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Marathon

Marathon for iPad

'Frog blast the vent core!'

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Application security programs and practises

iGamer To hear PC gamers talk about how first-person shooters don't work on consoles because the machines don't have mice, you'd think that's how it always was.

Not a bit of it. A lot of us playing in the early to mid-1990s on the first FPS games made do with just two handfuls of keys.

Marathon

Marathon: back from the early 1990s in all its eight-bit graphics glory

I say this because the proof that FPSes are not at all dependent on a keyboard-and-mouse combo is the number of such games running on tablets; and if they can be played successfully there, they can be played on anything, console, PC or whatever.

The latest to do so is Marathon - doubly relevant here because, although little known now, it was one of the pioneers of the FPS genre. Its developer, Bungie, went on to create a title you may have heard of: Halo.

Marathon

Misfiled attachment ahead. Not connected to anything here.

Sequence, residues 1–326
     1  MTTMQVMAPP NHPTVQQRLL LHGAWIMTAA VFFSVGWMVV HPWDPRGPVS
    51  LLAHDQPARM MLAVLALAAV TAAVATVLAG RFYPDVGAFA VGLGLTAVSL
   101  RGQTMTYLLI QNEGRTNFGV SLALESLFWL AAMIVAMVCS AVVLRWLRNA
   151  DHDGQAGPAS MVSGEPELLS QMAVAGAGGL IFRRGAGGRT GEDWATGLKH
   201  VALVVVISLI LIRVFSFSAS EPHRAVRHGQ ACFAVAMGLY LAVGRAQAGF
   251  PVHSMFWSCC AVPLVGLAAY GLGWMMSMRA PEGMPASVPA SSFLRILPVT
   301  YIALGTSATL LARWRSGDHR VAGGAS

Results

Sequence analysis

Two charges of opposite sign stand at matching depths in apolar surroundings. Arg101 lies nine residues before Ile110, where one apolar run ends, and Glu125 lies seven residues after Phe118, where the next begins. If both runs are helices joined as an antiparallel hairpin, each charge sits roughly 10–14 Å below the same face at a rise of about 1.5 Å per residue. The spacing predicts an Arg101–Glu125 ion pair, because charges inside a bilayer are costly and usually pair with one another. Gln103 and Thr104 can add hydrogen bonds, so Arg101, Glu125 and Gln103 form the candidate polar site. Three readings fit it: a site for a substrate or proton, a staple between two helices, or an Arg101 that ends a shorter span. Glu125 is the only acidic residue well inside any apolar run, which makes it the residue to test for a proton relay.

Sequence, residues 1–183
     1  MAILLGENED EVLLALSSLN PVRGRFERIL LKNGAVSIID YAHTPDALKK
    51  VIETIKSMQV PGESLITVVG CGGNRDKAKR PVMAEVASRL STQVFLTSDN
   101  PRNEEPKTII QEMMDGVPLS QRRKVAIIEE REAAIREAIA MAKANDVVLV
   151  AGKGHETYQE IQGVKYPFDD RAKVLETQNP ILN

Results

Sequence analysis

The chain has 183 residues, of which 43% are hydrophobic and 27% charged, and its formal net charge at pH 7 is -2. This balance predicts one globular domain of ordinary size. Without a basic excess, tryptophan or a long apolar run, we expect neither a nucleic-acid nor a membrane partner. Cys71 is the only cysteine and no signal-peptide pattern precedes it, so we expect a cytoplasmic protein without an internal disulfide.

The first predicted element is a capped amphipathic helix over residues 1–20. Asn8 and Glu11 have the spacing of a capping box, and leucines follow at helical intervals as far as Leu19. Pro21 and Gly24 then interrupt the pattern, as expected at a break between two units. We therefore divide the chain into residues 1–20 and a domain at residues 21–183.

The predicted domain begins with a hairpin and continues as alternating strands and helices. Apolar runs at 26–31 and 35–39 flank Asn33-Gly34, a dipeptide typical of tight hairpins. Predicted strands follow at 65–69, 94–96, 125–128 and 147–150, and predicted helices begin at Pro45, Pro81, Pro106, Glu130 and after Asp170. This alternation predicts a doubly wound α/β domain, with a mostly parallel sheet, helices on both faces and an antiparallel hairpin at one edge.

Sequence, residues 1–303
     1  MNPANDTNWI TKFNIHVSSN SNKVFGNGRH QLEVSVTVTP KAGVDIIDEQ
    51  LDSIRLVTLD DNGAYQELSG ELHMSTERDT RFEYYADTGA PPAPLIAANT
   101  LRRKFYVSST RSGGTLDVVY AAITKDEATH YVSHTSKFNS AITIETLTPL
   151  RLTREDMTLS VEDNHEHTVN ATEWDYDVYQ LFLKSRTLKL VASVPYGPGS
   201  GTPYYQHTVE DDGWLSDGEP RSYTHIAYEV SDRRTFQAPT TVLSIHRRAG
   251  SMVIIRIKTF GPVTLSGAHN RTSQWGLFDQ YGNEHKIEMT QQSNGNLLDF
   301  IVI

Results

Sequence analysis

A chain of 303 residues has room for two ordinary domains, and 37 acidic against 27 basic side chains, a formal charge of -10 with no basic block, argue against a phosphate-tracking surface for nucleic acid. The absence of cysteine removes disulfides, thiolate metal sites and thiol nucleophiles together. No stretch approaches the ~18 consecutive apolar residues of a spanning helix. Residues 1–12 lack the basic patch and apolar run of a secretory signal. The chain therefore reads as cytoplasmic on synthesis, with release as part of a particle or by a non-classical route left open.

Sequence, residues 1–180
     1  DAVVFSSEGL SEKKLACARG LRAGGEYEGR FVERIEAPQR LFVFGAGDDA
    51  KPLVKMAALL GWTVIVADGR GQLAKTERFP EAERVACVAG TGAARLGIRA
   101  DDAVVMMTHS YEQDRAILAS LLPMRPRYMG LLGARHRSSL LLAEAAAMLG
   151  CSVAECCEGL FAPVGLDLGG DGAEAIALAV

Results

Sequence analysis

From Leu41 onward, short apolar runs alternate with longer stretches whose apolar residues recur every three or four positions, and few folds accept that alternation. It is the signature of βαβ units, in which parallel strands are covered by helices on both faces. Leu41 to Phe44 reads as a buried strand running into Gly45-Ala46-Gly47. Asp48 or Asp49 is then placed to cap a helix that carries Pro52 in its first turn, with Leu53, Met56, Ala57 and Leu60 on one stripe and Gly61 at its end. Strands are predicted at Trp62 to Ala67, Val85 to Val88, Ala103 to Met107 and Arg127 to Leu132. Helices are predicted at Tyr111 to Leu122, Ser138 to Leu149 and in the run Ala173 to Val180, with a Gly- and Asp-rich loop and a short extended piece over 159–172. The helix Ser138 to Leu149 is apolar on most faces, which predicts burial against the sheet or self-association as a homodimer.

3D environments... 2D sprites

Marathon arrived in 1994 about six months after Doom hit the PC, and its lack of fame wasn't so much because it was under the shadow of its meatier, more visceral rival, but was rather a result of being released on the Mac.

Doom's real success lay in its multi-player mode. Marathon had that too, but it was really a single-player game, and one that lifted the genre right out of the 'kill monsters, find key, open door' gameplay with a developing storyline that was a worthy piece of sci-fi in its own right.

Marathon

Pfhor whom the bell tolls

You start off fighting alien slavers who are out to plunder your colony ship - the eponymous Marathon - of its human crew, the born on board BOBs. But soon you discover, by tapping into the ship's many display terminals - no cut-scenes in those days - that they've been called in by one of the ship's computer, and gone "rampant" - become self-aware.

The cliché is confounded when it turns out said mech, Durandal, isn't bonkers but has been in communication with one of the slavers' pawn races, the fnarr-ly named S'pht, and has set the whole thing up to bring them there because they can free Durandal from his integrated circuit bondage.

Marathon

Terminal case: the story unfolds through computer screens

In return, the S'pht get freed from Pfhor subservience, and you, a proto-Spartan cybernetic construct built out of the body of a long dead man - hence your ability to reanimate when 'killed', a phenonomenological paradox ignore by most games - prove to be Durandal's pawn to keep the Pfor off his back.

Which involves much bloodshed, dispatching Pfhor warriors, various slave races, damage Marathon defence droids and more.

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